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I still take off ticks the old fashion way as I've been for 30 years. Each dog gets a brushing and a tick check each night and I pull them off. I've never used any flea or tick preventatives, I'm more afraid of the toxic chemicals then getting Lyme disease, or other tick borne diseases.

I used a tick collar once and my dog lost all hair around her neck and was agitated.

 

They do get grated garlic in their homemade food and diatomaceous earth.

I apply a little rose of geranium on their coats when out in the fields, greatly lessened the amount of ticks.

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You have to remember, too, that Frontline doesn't repel ticks. I think Advantix claims to, not sure how effective it is. And once ticks get on your dog, it can take 24 hours for the stuff to kill 'em because it has to get through all that tough armor. So you will find ticks even if the Frontline is working. Hopefully they'll be on their way to dying, or be dead (not uncommon at all for people to find dead, attached ticks), but they'll still be there. Ticks are tough buggers.

 

Vetri-science (people who make Glycoflex) have an herbal spray out now that is supposed to repel fleas, ticks, and mosquitos. I haven't tried it but I'd be very interested to. My BC swims so much, though, so I don't know how effective it would be, even if we apply it every time we go out hiking/swimming.

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I've been using a product called Omni Super Spray on myself and dogs. It contains a proprietary blend of Aloe Barbadensis Leaf Juice, Neem Leaf Extract, Thyme Extract, Golden Seal Extract, Green Tea Extract and Olive Leaf Extract, Alcohol SD 39C, Glycerin, Water, Neem Oil, Coconut Oil, Decyl Glucoside, Behentrimonium Methosulfate, Cetearyl Alcohol, D-Limonene, Sodium Hydroxide, Cedarwood Oil, Citronella, Lemon Grass Oil, Rhodium Wood Oil, Citrus Aurantium Dulcis Seed Extract, Lavender Oil.

 

Seems to work well. We have had a lot of ticks this spring and this seems to keep them from attaching to me or the dogs. Available from Planet Blue Dog http://www.planetblu...ray-coming-soon

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Repeating a warning: If you (the general you) have cats that come into contact with you, your clothes, or your dogs on which you are spraying any product containing essential oils, please remember that essential oils can be toxic (fatal) to the cats.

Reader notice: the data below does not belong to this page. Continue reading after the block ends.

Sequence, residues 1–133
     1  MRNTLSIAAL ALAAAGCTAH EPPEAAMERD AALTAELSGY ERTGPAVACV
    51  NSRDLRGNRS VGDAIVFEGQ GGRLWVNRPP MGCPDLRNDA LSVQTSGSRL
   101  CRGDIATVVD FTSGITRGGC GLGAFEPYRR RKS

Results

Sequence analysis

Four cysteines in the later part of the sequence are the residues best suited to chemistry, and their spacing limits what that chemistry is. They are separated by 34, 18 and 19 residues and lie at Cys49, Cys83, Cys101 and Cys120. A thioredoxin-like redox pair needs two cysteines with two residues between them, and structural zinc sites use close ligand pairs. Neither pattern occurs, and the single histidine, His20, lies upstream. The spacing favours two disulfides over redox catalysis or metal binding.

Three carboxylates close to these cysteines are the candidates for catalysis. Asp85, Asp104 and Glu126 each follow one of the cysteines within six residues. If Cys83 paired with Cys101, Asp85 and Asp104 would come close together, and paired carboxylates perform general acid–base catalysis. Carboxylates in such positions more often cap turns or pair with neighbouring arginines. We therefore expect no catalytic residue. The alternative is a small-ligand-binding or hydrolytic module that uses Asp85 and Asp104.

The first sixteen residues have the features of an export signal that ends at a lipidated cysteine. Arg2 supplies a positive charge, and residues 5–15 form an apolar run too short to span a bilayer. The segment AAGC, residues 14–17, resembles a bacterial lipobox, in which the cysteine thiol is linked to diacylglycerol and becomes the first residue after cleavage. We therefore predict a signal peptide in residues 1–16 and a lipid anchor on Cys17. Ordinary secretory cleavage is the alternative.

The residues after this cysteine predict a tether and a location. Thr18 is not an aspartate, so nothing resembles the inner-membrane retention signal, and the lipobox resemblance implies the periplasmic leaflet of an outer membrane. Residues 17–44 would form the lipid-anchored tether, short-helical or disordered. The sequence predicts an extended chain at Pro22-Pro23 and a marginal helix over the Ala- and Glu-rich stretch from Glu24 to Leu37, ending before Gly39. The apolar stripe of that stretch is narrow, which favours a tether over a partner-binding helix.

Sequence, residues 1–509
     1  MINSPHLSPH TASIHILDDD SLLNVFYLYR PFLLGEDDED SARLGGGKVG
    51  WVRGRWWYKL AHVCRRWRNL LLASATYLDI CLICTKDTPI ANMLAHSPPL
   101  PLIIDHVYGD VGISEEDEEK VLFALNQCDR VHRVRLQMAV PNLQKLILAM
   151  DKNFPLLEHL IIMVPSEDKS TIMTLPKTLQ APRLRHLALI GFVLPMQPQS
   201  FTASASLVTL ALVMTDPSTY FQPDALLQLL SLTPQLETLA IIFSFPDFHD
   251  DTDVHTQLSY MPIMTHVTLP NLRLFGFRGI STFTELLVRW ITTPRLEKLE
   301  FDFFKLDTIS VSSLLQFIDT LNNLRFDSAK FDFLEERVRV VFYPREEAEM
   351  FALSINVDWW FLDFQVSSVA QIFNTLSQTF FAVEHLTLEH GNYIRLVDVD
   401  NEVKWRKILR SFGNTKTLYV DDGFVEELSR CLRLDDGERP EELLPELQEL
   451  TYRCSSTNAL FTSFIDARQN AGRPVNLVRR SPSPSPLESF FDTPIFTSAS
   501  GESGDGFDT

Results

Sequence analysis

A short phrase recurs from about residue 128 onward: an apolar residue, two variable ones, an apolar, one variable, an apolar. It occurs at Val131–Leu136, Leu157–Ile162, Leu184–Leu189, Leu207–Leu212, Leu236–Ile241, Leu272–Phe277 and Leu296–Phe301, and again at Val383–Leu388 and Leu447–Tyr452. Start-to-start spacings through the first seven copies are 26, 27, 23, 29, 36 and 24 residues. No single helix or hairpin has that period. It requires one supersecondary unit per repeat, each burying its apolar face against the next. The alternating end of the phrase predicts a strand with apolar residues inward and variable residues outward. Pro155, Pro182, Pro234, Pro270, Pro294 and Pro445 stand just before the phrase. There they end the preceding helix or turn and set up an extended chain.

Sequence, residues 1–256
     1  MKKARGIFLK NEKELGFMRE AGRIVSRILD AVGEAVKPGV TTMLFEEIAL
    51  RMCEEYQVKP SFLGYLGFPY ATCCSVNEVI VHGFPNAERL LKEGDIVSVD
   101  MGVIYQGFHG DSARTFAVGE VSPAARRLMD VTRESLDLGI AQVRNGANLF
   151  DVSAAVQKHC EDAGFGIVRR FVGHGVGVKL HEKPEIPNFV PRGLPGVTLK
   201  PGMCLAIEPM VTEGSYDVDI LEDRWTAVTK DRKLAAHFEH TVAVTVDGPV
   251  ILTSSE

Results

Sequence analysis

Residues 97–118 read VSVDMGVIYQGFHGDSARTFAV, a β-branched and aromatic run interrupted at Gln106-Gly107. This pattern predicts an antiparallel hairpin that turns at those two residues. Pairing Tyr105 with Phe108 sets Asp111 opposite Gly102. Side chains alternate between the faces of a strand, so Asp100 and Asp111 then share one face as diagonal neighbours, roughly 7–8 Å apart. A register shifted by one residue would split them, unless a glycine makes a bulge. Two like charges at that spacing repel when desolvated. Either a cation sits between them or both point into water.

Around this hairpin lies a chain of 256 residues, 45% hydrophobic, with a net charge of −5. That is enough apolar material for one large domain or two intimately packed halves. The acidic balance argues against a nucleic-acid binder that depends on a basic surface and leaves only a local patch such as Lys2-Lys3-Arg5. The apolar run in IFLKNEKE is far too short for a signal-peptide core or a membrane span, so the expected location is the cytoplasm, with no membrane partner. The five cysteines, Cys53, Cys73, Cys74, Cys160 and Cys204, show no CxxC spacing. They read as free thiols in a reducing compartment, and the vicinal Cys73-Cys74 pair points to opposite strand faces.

J.

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  • 2 weeks later...

Just took Emma our BC for her annual check up and decided to check her for Lyme and sure she would have to test positive, so now we are waiting for the blood test to return to see what the level are in her blood, really a disappointing visit to the vets for our young girl. Well we will have to deal with it, the yes no test was very light if that means anything at this point.

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Burdock when susquehanna county humane was super rescue friendly we had alot dogs test neg for hw and pos on the lymes. It depended on the vet but, some did the 2 weeks of doxi and some did nothing unless symptoms showed of lymes infection. (Genie did the doxi) She will always test pos so I'm told even if you do the doxi.

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Yes/no means just that. The more definitive test will give you more definitive answers. Are you getting a C6 test? The folks on Tick-L recommend the C6 because changes in that level can indicate success of treatment, and it's good to have a baseline from the beginning.

 

J.

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I've read about diet changes or supplements that sometimes work to repel ticks. Here's part of an article that I found--

 

A good diet with added crushed garlic cloves will keep your dog’s immune system strong. Add a tablespoon of organic apple-cider vinegar to your dog’s water bowl, and supplement your dog’s diet with vitamin B complex and Omega 3 and 6. Ticks will not bite a dog that has these supplements in its system.

 

I can't verify the effectiveness but it makes more sense to fight these things from within as opposed to applying a poison to our dogs. If you want the link I'll post it. Normally I won't send anyone on a goose chase.

 

I got a chuckle out of one response above. The garlic is meant to be taken as a food supplement, not as a remedy applied to the skin. You won't smell nearly as bad that way! :)